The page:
Julie stood at the ship's rail, oblivious to the chill of the December night as she stared pensively toward the moon-swept wilderness of the Georgia river bank. She was leaving behind everything familiar and dear to her to journey across the ocean to a distant land and marry a man she knew she could never love.
A shudder went through her slender young body. Marriage. She did not want to marry anyone, and certainly not someone for whom she felt only polite regard.
But she was not the only person driven to act against her will, she reflected. The war between the North and the South had brought upheaval and chaos to thousands of lives.
From above, twinkling stars reflected in the rolling black waters danced merrily and shattered into thousands of shards. The silence was broken only by the croaking of an army of frogs and the mournful hooting of unseen owls. Wind whispered through the gray moss that hung shroudlike from the trees lining the shore.
They had left the landing some hours ago, traveling to the ship on a ten-oared barge hewn of thick cypress logs. She, her mother, and Sara, their most devoted Negro servant, had been taken to the low, marshy flat that the Yankees had not yet discovered. Steam-powered cotton presses had been built there, and the blockade runners took on their cargoes from that point.
They had been met by sentries, who were posted on the wharves at all times to prevent Confederate deserters from getting on board and stowing away. And, of course, they kept a stern vigil for Yankee spies.
Before Julie's betrothed, Virgil Oates, had left weeks earlier to go to England and make preparations for their wedding, he had explained that the conformation of the Atlantic coast and the direction and force of the winds were both factors in the successful blockade running.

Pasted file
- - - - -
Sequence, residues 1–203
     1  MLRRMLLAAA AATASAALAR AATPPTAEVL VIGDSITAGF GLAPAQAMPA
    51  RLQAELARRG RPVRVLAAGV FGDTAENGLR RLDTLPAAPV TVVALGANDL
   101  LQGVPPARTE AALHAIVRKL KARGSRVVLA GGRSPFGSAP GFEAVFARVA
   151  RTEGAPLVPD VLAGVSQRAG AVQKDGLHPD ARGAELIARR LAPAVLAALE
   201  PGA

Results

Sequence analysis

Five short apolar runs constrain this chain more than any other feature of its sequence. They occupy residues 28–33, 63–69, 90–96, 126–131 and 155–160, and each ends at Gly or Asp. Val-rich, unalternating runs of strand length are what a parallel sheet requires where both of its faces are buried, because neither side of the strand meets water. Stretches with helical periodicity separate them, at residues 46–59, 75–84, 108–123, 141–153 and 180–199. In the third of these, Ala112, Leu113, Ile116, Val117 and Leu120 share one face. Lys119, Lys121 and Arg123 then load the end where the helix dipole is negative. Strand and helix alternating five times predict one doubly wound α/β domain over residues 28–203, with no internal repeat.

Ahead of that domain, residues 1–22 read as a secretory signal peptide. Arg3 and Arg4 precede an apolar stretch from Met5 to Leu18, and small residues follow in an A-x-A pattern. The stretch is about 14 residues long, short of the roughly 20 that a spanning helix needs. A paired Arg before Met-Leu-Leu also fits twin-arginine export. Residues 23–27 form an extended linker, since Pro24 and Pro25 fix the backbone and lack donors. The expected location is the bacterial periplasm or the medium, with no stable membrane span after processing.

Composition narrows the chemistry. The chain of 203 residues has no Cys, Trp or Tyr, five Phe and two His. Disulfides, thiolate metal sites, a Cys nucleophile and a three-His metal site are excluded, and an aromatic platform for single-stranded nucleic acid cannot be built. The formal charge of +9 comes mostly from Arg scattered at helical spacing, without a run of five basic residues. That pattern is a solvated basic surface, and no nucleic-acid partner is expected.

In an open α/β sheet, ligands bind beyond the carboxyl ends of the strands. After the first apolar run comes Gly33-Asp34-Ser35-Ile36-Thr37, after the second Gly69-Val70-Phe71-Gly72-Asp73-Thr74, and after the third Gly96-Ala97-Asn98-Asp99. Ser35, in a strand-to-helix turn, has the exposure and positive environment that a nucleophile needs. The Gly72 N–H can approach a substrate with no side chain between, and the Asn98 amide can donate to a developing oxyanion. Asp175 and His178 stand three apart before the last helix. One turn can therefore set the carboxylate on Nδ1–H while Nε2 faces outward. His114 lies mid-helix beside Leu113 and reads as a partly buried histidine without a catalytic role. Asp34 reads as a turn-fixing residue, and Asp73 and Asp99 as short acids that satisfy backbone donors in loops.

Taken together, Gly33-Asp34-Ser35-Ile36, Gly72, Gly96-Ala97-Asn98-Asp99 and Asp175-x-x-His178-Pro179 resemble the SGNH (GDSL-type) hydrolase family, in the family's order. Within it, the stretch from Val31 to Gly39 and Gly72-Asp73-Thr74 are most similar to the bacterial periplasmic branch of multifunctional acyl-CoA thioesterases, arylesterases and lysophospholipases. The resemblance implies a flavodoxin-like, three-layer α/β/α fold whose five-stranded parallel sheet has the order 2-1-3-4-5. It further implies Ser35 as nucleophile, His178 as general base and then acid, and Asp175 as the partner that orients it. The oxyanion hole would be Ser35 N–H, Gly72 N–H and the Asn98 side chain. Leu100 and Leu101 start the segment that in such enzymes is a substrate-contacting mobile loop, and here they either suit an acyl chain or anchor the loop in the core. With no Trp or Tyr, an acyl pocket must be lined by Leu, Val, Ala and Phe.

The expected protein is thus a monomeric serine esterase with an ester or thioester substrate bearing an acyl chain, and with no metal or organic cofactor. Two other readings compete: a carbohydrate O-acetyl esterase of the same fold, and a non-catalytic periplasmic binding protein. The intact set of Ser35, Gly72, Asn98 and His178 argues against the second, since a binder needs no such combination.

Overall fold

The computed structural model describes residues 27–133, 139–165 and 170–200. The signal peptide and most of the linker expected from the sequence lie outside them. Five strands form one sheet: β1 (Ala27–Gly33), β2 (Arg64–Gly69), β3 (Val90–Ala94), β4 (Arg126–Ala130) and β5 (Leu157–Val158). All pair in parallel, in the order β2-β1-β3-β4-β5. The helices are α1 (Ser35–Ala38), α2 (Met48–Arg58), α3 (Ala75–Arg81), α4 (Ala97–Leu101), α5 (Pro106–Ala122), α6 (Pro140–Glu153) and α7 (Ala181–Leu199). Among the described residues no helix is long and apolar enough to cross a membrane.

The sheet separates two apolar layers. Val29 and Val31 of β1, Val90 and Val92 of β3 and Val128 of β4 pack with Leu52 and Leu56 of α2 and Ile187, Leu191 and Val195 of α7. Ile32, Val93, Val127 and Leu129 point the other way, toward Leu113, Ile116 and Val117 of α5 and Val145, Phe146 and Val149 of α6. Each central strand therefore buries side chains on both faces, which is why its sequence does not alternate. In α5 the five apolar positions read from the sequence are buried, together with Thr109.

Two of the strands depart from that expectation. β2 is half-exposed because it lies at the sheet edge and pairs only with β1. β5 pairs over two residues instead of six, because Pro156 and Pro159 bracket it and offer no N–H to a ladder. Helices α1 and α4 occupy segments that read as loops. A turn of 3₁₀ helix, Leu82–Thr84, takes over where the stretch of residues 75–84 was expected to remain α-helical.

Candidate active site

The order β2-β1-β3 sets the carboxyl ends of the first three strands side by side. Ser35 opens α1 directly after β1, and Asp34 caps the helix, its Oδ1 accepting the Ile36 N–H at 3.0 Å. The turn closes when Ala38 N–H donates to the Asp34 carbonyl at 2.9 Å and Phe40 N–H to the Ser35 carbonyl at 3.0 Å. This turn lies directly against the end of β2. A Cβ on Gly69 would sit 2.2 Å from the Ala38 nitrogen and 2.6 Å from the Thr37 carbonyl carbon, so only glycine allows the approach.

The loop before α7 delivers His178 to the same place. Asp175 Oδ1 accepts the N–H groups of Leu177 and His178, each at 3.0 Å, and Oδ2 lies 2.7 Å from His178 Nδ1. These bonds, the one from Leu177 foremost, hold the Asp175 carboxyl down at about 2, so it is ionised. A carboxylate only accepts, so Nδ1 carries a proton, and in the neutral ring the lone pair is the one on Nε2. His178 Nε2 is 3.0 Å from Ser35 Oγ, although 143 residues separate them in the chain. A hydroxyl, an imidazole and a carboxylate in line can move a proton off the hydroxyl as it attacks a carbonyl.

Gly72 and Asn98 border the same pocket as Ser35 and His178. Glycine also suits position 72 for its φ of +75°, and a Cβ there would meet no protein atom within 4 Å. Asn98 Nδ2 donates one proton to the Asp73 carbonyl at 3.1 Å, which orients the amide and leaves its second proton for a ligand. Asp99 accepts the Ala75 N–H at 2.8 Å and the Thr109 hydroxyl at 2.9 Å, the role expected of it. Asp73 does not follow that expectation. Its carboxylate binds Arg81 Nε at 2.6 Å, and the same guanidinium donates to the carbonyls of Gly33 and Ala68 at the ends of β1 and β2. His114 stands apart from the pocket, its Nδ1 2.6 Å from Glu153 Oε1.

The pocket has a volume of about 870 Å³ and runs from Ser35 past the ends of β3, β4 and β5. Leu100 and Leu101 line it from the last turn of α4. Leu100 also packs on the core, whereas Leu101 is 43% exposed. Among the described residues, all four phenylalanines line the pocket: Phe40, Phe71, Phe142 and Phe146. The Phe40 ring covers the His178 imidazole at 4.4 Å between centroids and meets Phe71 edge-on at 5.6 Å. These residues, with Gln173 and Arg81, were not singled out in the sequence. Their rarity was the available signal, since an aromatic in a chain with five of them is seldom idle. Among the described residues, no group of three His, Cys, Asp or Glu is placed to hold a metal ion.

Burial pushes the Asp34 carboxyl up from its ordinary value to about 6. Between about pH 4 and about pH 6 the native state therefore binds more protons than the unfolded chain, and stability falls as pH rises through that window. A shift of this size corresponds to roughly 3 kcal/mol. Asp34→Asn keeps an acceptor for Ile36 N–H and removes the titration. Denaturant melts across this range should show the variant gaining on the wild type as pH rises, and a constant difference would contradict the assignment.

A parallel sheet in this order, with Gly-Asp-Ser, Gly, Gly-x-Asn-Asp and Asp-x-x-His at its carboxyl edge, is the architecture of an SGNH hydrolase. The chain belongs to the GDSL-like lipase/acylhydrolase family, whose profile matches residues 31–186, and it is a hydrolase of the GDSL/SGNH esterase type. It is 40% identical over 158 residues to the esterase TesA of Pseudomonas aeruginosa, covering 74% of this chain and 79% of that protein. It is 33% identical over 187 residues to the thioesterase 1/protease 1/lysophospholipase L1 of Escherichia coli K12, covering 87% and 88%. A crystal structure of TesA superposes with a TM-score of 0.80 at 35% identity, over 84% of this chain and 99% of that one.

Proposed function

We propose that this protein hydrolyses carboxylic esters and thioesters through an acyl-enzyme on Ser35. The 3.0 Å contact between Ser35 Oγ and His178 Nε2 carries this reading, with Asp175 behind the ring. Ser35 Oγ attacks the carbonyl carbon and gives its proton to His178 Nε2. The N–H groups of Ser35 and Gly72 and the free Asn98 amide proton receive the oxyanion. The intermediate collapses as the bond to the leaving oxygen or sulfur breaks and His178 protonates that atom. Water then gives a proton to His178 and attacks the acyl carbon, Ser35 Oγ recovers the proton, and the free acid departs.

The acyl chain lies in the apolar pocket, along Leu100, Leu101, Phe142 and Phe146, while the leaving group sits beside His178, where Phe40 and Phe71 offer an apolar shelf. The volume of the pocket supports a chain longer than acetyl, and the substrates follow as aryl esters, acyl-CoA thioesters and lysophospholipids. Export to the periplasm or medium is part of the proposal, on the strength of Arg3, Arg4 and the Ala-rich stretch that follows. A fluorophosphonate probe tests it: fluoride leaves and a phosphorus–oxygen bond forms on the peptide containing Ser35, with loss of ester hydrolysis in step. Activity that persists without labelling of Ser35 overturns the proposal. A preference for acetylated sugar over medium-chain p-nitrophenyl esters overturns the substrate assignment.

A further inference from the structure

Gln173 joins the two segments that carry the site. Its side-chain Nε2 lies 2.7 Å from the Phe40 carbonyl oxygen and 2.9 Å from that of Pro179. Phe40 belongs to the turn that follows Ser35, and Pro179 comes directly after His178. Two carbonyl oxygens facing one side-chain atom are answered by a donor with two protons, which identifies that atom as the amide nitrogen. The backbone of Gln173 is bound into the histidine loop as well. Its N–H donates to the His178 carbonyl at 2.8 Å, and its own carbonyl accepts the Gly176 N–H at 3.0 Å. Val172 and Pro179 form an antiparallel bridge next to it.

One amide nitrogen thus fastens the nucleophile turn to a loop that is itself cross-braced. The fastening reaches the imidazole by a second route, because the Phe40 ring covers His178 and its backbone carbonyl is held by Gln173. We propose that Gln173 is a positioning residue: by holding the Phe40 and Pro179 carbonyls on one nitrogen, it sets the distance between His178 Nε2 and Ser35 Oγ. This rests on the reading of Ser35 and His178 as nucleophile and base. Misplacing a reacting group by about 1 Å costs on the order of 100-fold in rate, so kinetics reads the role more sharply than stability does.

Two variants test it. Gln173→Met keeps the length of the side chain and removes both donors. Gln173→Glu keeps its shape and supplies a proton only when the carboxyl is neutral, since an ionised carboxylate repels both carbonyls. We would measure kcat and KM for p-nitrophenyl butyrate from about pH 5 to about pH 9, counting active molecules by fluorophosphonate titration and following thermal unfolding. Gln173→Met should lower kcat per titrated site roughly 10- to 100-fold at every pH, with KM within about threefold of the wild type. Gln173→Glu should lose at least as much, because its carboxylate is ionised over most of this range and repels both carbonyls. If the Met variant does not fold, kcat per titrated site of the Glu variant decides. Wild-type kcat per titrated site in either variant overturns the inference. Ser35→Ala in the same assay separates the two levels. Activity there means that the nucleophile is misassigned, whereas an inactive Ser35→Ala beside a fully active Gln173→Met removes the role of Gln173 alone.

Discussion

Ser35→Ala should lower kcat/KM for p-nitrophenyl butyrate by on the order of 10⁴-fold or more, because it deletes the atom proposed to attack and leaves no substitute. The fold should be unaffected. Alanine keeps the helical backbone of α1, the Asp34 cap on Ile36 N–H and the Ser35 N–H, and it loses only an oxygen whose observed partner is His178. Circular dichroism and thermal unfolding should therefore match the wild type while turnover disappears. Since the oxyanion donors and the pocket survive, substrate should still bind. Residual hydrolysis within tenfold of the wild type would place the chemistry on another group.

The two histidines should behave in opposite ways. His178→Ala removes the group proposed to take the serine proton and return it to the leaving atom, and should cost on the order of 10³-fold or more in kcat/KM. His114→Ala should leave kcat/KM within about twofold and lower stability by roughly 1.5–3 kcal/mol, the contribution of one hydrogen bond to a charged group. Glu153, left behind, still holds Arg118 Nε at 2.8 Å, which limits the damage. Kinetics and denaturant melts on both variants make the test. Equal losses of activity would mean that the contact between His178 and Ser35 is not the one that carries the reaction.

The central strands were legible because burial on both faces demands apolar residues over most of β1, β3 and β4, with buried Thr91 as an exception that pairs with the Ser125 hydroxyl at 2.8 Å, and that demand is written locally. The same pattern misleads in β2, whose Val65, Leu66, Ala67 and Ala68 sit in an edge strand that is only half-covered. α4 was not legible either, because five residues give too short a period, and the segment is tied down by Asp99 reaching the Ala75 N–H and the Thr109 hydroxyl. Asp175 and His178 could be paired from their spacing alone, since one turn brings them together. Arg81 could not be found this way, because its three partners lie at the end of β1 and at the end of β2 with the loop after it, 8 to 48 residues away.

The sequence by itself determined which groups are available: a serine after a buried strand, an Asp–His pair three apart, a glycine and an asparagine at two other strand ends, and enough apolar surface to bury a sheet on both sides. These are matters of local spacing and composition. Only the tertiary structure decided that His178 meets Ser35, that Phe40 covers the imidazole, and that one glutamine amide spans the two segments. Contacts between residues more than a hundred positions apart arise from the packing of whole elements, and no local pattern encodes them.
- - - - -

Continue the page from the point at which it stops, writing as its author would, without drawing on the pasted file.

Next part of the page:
"If the wind blows off the coast, it drives the squadron to sea," he had said. "It enlarges the perimeter of the circle through which the blockade runner can swiftly and safely steam. If the wind blows landward, the squadron must haul off to a greater distance to escape the consequences of the heavy seas that are so violent along the coast."
He talked of the shoals lining the North Carolina coast, saying that they extended for miles into the sea, and were unsurpassed in danger for navigating when strong easterly winds met the ebb tide.
"It's an easy matter, however, for an experienced pilot who knows the coast to run a swift-steaming light-draft vessel out to sea or into port. The heavier and deeper draft vessels of the Federal blockade squadron are buffeted by the stormy winds and waves."
Julie remembered how Virgil embraced her as he told her that he had engaged the Ariane, one of the swiftest runners afloat. "I certainly would not take a chance with my future bride's safety," he said, "and I am told that Derek Arnhardt is one of the most skilled captains on the high seas."
He kissed her then, and she prayed he would not sense the negative feelings she fought to hide. She was grateful for the kindness he had shown both her and her mother, and she was well aware that if he did not use his "connections" to get Rose Hill cotton through the Yankee blockade, all would be lost.
She could not let that happen, and not merely for her own sake. She was thinking of her mother, who had struggled so desperately to keep the plantation going since her father's death only five years past. Then there was her twin brother, Myles. Oh, God, he had suffered and was still suffering, and she wanted a home waiting for him when and if he was able to return.
Her hands gripped the railing tightly as feverish determination rippled through her body. Virgil had asked her to marry him, and when she accepted, she knew he would use all his influence and power to save her family estate. But it still made her sick to the depths of her soul to know she was marrying a man she would never love.
There had been so much misery to bear. She could trace her own heartache back to that balmy spring afternoon when she was only twelve years old and discovered the horrible secret about her father. Lord, she would never forget that fateful day.
She and Myles were going riding, and she had gone to the stable ahead of him. It was located down a long, curving path, behind the big house. Stepping inside the structure, she paused for her eyes to adjust to the semi-darkness--then froze at the sound of whispering voices.
"Adelia, darling, you shouldn't have come here..."